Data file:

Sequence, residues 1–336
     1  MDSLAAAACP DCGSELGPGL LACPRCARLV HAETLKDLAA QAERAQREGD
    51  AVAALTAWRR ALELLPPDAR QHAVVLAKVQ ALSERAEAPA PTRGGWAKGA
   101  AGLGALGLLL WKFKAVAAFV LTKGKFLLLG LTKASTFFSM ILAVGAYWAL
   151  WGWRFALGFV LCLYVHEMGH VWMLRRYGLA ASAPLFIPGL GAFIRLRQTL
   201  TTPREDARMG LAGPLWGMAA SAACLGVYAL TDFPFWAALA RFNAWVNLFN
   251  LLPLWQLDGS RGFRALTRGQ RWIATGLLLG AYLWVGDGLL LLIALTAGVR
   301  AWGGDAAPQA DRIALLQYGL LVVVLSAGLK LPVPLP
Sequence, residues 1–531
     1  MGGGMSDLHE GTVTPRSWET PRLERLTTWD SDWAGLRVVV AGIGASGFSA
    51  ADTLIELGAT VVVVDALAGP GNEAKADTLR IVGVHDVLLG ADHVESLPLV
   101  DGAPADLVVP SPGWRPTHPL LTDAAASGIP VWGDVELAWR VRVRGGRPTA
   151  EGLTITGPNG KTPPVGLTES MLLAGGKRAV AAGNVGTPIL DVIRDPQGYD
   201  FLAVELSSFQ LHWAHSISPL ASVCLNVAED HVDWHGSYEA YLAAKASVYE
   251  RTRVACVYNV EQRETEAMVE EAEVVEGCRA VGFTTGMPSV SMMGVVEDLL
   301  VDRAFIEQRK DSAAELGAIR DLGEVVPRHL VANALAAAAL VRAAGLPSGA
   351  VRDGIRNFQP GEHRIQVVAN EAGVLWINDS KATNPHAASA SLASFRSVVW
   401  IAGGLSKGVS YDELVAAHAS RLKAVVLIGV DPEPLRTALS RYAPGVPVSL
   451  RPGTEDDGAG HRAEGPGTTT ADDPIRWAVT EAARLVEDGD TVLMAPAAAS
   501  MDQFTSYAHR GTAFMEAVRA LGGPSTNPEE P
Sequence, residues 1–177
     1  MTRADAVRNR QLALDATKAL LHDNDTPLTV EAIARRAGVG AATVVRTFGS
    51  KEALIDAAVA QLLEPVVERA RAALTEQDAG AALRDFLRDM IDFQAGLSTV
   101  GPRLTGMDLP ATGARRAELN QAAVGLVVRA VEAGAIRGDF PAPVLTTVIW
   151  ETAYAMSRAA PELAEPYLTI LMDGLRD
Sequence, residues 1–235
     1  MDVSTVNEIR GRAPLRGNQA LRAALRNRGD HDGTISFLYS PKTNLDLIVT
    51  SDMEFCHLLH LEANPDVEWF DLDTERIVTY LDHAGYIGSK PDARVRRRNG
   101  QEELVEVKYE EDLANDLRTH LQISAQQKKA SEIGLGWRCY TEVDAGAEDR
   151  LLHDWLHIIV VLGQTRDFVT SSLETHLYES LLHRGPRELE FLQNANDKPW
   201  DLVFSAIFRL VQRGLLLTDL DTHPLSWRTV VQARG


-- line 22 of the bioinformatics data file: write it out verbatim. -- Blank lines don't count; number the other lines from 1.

     1  MTRADAVRNR QLALDATKAL LHDNDTPLTV EAIARRAGVG AATVVRTFGS